First, Barron stated: "We receive considerable state-support. A part of the accountability for receiving that support is to have board members appointed by the state if you are a public or public-related institution. This may be direct appointments by the Governor, or appointments by a Board of Regents (appointed by elected officials) or both. They expect accountability because universities operate partially on taxpayer dollars. This is the common practice. We are accountable to elected officials who are the distributor of taxpayer dollars.
Separating fact from fiction:
1. The Commonwealth provided $272 million of a $4.9 billion budget for 2013. That's only 5.6% -- hardly considerable. It's about the same amount of money that PSU got in donations (private gifts, grants, and contracts).
2. The only elected government official on the Board is Governor Tom Corbett, who has attended just one meeting during his tenure as governor.
Next, Barron attempted to justify the Business and Industry trustees. "Most boards dearly love to have business and industry representatives. They create connectivity, open doors, often donate significantly. They have wisdom from operating large institutions. Most are alumni and, as such, add even greater value. I know of no public or private institution that doesn’t work very hard to have business and industry leaders on their boards if state laws don’t get in the way.
Separating fact from fiction:
1. If the B&I trustees were so connected, one might expect that a considerable amount of PSU's research grants would come from industries represented by this group. That is not the case. PSU's 2013 OMB Circular A-133 audit of Federal grants reveals none of the companies associated with the B&I members among the grantees. Typically, private sector companies like Boeing, SAIC, Northrup Grumman, and many others provide research funding via "pass throughs" (see page 43 of the audit report).
The fact of the matter is our B&I trustees are mostly in banking, investing, and finance -- which provide little in the way of grants.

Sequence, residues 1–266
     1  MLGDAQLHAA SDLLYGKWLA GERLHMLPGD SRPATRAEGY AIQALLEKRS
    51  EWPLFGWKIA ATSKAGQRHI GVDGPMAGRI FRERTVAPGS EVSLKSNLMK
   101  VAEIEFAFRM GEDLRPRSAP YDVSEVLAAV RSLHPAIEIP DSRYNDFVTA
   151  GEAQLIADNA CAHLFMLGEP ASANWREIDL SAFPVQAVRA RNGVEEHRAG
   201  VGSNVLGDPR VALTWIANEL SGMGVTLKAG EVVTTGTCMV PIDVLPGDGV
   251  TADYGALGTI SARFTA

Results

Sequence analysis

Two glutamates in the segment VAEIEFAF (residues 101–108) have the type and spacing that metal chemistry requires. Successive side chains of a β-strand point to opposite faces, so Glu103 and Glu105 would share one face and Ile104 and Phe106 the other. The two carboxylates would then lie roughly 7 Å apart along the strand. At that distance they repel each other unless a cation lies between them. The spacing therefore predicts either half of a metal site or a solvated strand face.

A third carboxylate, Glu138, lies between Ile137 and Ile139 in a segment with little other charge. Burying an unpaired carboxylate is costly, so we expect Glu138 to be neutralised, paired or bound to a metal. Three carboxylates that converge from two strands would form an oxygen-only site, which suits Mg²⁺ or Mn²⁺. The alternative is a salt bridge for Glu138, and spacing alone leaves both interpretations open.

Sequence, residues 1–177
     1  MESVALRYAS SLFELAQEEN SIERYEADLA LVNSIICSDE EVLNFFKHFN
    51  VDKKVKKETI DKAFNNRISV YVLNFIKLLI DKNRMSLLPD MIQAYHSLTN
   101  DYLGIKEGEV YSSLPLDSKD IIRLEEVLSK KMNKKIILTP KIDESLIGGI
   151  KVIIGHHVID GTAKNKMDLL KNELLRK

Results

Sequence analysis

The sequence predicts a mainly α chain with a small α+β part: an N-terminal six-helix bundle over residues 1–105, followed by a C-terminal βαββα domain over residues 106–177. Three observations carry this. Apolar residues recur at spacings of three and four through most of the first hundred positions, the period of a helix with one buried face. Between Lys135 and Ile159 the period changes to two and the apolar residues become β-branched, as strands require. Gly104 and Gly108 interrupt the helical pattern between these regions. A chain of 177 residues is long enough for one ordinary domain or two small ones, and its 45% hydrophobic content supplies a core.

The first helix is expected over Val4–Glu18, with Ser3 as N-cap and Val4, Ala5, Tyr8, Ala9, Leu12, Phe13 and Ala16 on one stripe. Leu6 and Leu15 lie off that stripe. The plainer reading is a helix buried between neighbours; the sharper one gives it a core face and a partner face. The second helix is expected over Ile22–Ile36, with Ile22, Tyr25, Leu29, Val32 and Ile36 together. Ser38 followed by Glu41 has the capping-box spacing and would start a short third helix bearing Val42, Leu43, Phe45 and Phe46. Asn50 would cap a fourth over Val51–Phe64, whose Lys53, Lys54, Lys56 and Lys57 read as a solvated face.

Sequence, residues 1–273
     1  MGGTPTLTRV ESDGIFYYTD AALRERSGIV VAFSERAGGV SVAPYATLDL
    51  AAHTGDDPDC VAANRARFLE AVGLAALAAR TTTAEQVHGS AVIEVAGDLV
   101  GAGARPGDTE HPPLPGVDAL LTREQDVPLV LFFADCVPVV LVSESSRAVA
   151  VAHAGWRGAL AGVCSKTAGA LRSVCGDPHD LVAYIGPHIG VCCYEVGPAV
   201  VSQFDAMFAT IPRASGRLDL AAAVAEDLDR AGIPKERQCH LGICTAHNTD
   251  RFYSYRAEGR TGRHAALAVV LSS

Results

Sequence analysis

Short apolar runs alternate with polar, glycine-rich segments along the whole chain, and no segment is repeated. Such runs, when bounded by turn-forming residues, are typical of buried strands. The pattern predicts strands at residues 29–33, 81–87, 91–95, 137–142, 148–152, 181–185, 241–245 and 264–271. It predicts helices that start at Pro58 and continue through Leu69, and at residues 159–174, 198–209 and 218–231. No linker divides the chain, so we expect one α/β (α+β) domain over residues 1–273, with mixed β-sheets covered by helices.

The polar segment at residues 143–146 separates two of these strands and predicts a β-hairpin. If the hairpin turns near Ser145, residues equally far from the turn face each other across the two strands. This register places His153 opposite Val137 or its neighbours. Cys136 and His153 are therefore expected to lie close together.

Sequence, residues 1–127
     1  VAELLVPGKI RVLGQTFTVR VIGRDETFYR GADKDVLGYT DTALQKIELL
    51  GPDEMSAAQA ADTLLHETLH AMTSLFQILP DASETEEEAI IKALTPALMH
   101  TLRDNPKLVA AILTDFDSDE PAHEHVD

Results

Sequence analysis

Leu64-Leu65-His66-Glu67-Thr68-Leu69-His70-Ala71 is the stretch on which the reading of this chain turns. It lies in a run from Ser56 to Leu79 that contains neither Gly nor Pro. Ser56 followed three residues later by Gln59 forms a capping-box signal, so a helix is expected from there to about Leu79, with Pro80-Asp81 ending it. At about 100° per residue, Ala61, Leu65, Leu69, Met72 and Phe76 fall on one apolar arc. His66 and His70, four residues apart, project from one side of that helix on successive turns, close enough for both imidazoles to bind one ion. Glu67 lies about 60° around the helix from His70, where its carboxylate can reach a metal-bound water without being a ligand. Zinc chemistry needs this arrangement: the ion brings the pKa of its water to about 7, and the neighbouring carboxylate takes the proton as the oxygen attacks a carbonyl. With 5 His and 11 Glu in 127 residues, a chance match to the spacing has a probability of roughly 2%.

2. Those of us who have been watching since 11-9-11 are hard pressed to see any wisdom coming from the direction of the B&I trustees. Consider that almost every benchmarking activity related to Board reform showed that PSU's Board was exceptionally large and that a smaller Board would be more in line with other Universities. Yet, Richard Dandrea and others offered AND PASSED a proposal to increase the size of the board. This brought more negative comments from Senator Yudichak, who went as far as to state that the BOT's attempt to change the structure of the Board may be illegal.
Barron closed with another false statement about PSU's funding: "We also have to remember that this institution operates almost solely on dollars from students and the taxpayer."
Separating fact from fiction:
1. Less than half of the University's revenues are from tuition and the state appropriation
About $1.82B of $4.9B (37%) is from those sources and -- the state appropriation is rather minuscule at $272 million.
2. The "institution's" other major sources of revenues include Hershey Medical center at $1.3B (28%), government and other grants about $620M (12%), and the rest are cats and dogs, none contributing more than 8%.
It is very hard to give President Barron the benefit of the doubt at this point, given that he has been in place since May and seems to be of the mindset that he can "snow" the alumni about the operations of PSU.
On September 19th, over 1500 alumni signed a letter, which was run as a 2 1/2 page ad in the Centre Daily Times asking President Barron to bring Louis Freeh back to campus for a civil discussion of the Freeh Report.
To date, the authors of the letter (Eileen Morgan and I) have not received a response.
It appears that when it comes to having a meaningful and civil discussion on the issues, President Barron has opted to stand with the OGP and shut out those who disagree with the University's positions.